On April 21, Minister for Foreign Affairs Julie Bishop announced that Australia will provide $20 million to Syrian refugee children in the wake of the Syrian crisis.
"Today I am announcing that Australia will provide $20 million for children in Lebanon and Jordan who have fled across borders as refugees due to the Syrian crisis. Today's announcement will help relieve the burden on neighbouring communities sheltering Syrian refugees in this time of crisis," Ms Bishop said in a statement.
The United Nations' 'No Lost Generation' will be the beneficiary to the funding as the organisation leads effort of improving the children refugees' education. No Lost Generation also addressed the violence and displacement that these children were exposed to.
According to the latest data, 50 per cent of the recorded 2.7 million Syrian refugees were children who were also denied their rights to proper education.
"Children are the most affected of the fighting - an entire generation is being shaped by fear and violence and, often, without an education. Australia will coordinate its efforts with other nations to ensure these children can be supported in the region so that they can return to their homes in Syria when the crisis has stabilized," Ms Bishop said.
Australia will also provide $9 million to the Office of the United Nations High Commissioner for Refugees (UNHCR), $9 million to the United Nations Children's Fund (UNICEF) and $2 million to Save the Children Australia.
According to the United Nations, the Syrian conflict is the greatest humanitarian, peace and security crisis facing the world today with an estimated 9.3 million people affected.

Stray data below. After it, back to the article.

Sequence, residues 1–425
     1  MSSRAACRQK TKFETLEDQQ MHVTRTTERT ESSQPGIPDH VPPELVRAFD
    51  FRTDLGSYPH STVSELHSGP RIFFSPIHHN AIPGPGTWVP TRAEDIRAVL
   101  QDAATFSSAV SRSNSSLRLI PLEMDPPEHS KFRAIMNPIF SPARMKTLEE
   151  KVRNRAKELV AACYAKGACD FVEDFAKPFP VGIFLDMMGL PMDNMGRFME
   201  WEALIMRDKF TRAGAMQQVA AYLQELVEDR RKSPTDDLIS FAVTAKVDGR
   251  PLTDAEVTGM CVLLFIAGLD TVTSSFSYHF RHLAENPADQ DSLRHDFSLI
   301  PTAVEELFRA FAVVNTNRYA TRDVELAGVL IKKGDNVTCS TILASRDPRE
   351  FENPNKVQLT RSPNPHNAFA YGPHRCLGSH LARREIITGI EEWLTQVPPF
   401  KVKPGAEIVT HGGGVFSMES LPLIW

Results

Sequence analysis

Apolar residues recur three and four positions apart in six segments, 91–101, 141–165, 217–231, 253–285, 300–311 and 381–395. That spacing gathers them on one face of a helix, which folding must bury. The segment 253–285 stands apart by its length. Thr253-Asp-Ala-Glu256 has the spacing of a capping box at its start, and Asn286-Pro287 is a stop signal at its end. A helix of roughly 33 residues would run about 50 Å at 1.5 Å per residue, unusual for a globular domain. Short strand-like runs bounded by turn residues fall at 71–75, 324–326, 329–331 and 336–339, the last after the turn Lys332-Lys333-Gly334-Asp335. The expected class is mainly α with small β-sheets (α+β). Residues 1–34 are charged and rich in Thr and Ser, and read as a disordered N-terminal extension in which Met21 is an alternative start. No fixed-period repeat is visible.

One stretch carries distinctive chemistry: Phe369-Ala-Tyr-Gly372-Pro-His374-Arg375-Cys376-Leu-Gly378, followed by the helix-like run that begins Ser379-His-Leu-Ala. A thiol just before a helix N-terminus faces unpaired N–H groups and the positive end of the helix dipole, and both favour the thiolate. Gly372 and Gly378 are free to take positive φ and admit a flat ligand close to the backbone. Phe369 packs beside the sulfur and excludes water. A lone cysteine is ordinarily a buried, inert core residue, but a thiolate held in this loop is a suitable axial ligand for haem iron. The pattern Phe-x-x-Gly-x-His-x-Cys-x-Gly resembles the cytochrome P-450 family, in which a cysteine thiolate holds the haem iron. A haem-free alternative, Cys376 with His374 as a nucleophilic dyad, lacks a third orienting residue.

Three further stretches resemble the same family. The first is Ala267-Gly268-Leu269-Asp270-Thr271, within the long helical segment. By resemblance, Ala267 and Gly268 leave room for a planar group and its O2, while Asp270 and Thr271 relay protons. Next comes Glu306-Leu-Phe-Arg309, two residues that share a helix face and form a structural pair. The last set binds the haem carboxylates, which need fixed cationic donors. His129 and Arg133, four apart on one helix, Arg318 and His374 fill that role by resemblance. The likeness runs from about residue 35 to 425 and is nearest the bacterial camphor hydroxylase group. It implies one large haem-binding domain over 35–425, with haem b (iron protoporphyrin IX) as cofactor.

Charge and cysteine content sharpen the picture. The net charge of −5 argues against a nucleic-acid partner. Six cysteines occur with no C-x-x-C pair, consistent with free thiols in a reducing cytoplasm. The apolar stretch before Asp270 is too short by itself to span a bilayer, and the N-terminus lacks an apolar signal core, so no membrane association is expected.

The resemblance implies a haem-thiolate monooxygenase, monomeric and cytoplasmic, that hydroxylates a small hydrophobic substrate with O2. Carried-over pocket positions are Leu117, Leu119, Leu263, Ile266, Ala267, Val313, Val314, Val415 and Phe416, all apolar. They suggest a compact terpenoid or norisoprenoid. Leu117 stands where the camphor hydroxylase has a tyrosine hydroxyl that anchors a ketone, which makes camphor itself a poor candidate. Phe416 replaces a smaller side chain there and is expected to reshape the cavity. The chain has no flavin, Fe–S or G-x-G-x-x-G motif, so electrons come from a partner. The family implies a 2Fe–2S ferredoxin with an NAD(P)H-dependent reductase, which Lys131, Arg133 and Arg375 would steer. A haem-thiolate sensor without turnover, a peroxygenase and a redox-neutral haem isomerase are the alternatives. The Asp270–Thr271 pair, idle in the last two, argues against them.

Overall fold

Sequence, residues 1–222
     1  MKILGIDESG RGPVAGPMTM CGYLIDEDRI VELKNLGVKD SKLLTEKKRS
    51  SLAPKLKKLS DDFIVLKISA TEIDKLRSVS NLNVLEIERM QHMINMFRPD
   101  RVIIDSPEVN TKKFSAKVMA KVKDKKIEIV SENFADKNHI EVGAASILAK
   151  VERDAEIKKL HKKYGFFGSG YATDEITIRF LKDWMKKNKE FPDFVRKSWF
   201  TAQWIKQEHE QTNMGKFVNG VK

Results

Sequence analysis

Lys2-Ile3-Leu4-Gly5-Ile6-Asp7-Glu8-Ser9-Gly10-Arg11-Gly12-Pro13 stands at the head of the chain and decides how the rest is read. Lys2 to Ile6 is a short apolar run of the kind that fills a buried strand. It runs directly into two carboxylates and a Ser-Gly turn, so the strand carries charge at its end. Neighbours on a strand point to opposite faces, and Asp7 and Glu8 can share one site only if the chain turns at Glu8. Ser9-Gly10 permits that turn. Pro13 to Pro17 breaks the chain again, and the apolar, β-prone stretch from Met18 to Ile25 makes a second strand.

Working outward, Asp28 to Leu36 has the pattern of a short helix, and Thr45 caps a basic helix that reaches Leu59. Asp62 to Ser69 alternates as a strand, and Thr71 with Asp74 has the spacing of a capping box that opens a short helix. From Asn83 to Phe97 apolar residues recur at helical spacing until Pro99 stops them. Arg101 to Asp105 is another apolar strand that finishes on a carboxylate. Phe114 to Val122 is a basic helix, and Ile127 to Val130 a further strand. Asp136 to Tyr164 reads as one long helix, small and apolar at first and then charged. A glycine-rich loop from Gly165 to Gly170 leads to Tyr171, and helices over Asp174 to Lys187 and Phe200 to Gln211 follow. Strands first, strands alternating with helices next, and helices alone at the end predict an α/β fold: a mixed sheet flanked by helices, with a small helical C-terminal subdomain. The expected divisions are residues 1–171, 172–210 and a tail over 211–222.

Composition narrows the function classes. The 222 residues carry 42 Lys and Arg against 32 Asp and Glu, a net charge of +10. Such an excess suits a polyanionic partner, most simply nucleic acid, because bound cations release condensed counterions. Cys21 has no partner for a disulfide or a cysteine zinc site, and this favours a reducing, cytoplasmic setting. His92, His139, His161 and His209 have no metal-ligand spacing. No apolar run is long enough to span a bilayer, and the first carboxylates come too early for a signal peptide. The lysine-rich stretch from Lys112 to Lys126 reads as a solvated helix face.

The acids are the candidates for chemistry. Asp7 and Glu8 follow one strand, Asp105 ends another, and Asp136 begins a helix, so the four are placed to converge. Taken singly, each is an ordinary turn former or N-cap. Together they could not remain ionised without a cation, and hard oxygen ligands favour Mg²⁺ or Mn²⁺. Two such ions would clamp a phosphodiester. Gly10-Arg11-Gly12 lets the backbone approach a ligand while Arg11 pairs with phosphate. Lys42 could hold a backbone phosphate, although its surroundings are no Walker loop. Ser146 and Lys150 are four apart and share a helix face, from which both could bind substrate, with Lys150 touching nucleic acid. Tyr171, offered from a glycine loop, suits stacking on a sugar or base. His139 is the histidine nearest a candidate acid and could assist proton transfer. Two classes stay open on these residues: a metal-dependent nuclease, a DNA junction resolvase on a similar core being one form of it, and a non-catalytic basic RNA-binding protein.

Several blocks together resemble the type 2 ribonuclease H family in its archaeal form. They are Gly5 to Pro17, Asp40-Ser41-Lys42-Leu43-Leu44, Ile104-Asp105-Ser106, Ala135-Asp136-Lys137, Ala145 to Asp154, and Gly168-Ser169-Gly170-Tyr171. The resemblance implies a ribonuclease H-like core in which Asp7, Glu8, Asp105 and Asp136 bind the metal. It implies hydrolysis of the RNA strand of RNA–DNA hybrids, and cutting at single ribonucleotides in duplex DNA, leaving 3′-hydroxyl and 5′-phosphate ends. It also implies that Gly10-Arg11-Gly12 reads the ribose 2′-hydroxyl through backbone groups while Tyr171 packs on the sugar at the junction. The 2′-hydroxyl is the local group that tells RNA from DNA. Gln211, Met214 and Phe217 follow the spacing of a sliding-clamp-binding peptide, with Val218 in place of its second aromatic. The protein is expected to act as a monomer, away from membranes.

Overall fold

Meanwhile, Reuters report that a toxic chemical was used to attack Syria recently. The chemical was suspected to be chlorine and the United States is already looking into the possibility that the Syrian government is to be held responsible for the attack.
"We have indications of the use of a toxic industrial chemical. We are examining allegations that the government was responsible," State Department spokeswoman Jen Psaki said during a press conference.
According to some reports, people witnessed helicopters dropping chlorine gas on Kfar Zeita on April 11 and 12.
"We take all allegations of the use of chemicals in combat use very seriously. We'll work with the OPCW, who is obviously overseeing the implementation, and determine if any violation occurred," Ms Psaki added.
The alleged chlorine attack reawakened the call for President Barack Obama to administer more support for the Syrian rebels.
"The Assad regime continues to carry out war crimes in its slaughter of innocent men, women, and children. Its breach of the chemical weapons agreement should surprise no one, and unless the Obama administration is willing to force a price for such behavior, we should only expect more atrocities to come," Republican U.S. Senator John McCain of Arizona told Reuters.